, Volume 31, Issue 4, pp 977-1002

Euro area inflation persistence

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Abstract

This paper presents evidence on the lag between monetary policy actions and the response of inflation in the euro area as a whole as well as in some of its core countries, notably Germany, Italy and France. In line with previous findings for the US and the UK, results here show that it takes over a year before monetary policy actions have their maximum effect on inflation both in the euro area and in individual countries and that a lag of this length has existed in Europe at least since the collapse of the Bretton Woods system, despite the numerous changes in European monetary policy regime thereafter. Results based on alternative definitions of inflation persistence support these findings and indicate, if any, that transmission lags could be in fact much longer for individual countries and the euro area as a whole, although, at the country level, there is strong evidence over time of a drop in German inflation persistence and a sizeable shift in the mean of inflation – particularly in Italy and France. An examination based on results from this paper reveals that euro area inflation persistence could well be an intrinsic phenomenon rather than a ‘statistical fluke’ due to aggregation.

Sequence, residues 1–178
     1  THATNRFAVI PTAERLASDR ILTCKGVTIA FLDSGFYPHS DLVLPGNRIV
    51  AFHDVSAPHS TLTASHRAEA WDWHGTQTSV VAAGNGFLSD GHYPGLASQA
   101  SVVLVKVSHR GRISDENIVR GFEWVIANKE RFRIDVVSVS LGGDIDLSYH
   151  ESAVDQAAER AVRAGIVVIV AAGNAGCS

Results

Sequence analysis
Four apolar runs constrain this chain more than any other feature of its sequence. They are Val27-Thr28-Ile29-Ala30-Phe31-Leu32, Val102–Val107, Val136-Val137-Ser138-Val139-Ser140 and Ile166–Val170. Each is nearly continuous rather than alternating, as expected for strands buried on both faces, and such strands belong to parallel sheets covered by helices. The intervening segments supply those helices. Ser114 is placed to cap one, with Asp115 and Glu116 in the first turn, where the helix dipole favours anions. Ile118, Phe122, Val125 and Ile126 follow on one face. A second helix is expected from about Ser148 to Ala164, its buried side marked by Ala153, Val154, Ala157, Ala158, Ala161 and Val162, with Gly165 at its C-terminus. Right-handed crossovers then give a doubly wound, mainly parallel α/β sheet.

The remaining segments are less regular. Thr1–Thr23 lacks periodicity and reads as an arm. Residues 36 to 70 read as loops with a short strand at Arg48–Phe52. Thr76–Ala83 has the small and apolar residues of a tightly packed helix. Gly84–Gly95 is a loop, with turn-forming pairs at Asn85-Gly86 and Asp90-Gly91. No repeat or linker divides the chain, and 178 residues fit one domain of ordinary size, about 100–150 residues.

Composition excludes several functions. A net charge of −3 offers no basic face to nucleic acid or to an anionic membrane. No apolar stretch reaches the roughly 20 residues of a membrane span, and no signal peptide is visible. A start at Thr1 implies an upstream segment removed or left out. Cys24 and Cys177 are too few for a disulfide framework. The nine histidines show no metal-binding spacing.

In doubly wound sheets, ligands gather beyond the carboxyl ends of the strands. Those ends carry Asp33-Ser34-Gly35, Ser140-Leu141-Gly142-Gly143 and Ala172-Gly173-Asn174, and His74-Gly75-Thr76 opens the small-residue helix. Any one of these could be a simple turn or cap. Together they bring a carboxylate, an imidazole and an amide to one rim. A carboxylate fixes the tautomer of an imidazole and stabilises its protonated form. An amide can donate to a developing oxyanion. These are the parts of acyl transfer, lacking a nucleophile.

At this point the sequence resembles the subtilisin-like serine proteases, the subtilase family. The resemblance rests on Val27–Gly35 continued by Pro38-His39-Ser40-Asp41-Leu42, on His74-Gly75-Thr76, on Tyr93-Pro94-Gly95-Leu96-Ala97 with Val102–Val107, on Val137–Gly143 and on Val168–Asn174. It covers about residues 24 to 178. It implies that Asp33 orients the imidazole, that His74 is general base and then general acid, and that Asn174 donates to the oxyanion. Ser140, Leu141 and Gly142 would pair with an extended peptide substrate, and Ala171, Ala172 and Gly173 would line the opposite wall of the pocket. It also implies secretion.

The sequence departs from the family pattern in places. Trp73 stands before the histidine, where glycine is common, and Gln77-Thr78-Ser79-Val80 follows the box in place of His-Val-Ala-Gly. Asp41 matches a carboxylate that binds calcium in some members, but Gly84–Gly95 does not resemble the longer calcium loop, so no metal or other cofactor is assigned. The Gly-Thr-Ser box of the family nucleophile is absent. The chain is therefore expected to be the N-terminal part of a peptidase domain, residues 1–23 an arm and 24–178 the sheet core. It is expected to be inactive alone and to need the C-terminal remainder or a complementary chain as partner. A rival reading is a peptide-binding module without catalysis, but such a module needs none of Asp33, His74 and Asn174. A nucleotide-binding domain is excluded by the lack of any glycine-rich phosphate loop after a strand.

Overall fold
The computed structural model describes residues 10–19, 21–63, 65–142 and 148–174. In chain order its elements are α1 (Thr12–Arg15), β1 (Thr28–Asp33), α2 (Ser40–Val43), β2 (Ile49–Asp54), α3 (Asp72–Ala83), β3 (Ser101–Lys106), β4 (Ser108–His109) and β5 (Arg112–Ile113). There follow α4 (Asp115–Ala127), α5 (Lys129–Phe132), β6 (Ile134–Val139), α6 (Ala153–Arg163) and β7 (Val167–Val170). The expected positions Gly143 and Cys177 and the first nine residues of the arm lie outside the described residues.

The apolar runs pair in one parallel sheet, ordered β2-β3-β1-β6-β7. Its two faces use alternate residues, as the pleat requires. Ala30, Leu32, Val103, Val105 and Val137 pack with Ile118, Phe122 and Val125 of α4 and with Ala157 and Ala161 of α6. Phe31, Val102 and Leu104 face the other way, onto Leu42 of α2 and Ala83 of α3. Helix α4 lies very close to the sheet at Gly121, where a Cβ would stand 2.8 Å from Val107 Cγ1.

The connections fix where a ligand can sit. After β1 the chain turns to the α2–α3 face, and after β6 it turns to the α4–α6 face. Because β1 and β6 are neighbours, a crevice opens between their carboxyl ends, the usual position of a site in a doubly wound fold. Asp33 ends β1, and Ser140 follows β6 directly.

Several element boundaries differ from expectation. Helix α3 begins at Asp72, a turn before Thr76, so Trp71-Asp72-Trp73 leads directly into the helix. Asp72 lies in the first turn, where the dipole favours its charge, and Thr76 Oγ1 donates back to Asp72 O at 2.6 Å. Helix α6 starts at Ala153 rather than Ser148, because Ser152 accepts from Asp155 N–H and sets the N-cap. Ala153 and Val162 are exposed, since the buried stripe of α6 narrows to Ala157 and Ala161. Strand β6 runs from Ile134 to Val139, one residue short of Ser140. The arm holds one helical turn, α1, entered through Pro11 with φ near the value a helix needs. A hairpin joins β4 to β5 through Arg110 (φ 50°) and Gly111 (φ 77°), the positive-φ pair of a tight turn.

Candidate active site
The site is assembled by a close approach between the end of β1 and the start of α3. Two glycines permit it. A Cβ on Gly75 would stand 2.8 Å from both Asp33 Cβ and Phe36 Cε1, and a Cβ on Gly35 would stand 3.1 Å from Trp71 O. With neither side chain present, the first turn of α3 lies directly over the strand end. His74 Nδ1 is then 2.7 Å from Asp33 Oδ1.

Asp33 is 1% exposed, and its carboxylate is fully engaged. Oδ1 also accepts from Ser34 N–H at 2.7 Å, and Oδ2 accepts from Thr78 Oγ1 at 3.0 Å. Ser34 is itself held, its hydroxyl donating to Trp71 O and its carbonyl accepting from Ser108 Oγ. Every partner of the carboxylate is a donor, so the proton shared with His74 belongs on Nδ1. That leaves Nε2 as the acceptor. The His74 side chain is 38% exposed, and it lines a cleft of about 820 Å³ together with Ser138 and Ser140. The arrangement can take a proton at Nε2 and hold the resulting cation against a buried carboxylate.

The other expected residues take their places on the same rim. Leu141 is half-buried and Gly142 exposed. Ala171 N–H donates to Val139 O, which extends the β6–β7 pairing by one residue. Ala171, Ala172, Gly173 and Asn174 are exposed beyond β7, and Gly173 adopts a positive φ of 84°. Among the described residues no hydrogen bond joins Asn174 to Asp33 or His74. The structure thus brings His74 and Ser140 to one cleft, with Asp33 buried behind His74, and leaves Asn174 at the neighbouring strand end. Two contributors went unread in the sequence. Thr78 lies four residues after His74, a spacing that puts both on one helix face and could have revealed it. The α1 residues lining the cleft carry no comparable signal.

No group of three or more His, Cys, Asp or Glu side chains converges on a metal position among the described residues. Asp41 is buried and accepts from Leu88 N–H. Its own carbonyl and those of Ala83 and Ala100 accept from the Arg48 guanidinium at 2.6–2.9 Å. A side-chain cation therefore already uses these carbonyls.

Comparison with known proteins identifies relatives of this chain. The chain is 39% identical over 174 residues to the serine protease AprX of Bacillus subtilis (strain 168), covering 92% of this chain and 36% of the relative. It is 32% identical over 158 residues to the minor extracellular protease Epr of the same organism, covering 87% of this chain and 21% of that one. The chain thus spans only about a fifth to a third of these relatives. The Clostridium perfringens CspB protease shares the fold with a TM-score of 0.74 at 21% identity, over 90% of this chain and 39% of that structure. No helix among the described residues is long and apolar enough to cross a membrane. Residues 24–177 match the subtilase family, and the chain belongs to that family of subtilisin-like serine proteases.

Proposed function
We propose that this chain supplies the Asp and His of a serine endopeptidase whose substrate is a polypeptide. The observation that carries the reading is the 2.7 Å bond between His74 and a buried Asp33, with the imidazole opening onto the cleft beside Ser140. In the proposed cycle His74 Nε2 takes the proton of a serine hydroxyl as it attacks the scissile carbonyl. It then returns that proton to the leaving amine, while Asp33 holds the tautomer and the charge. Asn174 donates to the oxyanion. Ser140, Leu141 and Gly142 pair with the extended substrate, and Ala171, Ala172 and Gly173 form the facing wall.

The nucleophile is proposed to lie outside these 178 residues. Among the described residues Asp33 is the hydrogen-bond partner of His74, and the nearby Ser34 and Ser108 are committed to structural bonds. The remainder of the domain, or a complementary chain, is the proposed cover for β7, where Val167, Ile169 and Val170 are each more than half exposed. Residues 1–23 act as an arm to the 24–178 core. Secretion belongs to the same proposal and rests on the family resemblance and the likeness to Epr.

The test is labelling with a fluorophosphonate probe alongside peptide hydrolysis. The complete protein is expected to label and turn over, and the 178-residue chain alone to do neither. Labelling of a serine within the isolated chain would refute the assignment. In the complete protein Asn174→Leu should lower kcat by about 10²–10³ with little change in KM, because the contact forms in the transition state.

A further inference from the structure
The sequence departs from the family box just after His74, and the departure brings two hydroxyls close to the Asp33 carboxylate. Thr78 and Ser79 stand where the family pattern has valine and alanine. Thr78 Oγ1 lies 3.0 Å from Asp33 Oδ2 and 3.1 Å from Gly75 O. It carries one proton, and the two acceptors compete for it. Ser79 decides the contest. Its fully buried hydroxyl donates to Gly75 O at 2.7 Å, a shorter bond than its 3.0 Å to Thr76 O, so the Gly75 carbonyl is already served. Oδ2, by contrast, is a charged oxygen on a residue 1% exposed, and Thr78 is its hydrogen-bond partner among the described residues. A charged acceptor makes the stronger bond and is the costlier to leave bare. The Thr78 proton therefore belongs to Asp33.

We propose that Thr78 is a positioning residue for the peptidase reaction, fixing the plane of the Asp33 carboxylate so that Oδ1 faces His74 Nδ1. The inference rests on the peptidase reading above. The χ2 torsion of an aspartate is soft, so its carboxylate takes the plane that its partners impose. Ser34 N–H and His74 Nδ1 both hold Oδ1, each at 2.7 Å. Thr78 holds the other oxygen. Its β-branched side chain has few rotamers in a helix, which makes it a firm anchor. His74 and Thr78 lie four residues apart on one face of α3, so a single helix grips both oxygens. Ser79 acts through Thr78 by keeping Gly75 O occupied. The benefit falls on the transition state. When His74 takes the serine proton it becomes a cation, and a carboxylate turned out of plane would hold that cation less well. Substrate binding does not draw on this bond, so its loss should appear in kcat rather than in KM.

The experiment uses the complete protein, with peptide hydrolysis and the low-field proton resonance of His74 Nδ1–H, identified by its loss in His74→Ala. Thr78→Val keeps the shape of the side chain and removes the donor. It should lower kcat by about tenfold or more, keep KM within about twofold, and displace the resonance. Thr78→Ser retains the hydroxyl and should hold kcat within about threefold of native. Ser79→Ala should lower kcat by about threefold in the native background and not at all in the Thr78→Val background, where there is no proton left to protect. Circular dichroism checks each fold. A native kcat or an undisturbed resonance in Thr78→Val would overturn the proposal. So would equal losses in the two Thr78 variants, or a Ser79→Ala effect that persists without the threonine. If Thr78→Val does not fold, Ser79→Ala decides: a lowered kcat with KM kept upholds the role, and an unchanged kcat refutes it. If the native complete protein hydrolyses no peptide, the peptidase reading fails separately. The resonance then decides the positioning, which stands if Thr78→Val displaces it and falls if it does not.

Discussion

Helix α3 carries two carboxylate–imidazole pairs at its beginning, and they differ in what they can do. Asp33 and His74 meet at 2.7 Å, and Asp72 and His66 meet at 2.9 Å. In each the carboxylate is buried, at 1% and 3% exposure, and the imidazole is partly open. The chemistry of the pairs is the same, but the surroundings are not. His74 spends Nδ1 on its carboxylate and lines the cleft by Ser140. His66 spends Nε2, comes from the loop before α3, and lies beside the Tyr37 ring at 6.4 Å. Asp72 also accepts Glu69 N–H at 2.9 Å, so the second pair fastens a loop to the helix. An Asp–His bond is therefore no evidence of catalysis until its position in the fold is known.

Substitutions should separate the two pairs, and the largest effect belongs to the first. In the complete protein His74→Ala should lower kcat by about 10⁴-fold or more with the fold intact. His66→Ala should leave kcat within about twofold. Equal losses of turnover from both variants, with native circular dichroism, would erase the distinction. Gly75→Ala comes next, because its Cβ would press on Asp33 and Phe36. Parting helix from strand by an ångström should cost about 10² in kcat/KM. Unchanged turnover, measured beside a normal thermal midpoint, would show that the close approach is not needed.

This research was conducted during my visit at the European Central Bank Directorate Research, as part of the Research Visitor Programme. I would like to thank Anna Maria Agresti for providing individual country data from the macroeconomic database of the Monetary Transmission Network; Alistair Dieppe for providing data from the ECB area-wide model dataset; and Michele Manna for supplying me with the area-wide M3 data for the period 1970–1980. I thank Gabriel Fagan, Frank Smets, Ignazio Angeloni, Vítor Gaspar, Michael Ehrmann, Guenter Coenen, Oreste Tristani, Tommaso Monacelli, Stephanie Schmitt-Grohe and Gerhard Ruenstler for helpful discussions during my stay at the ECB. I would also like to thank seminar participants at the ECB for their input and I am very grateful to Jeffrey Fuhrer, Edward Nelson and Kenneth West, Bernd Fitzenberger and two anonymous referees for comments on an earlier draft. Any errors and omissions are mine. The views expressed in this paper are those of the author and should not be attributed to the International Monetary Fund, its Executive Board, or its management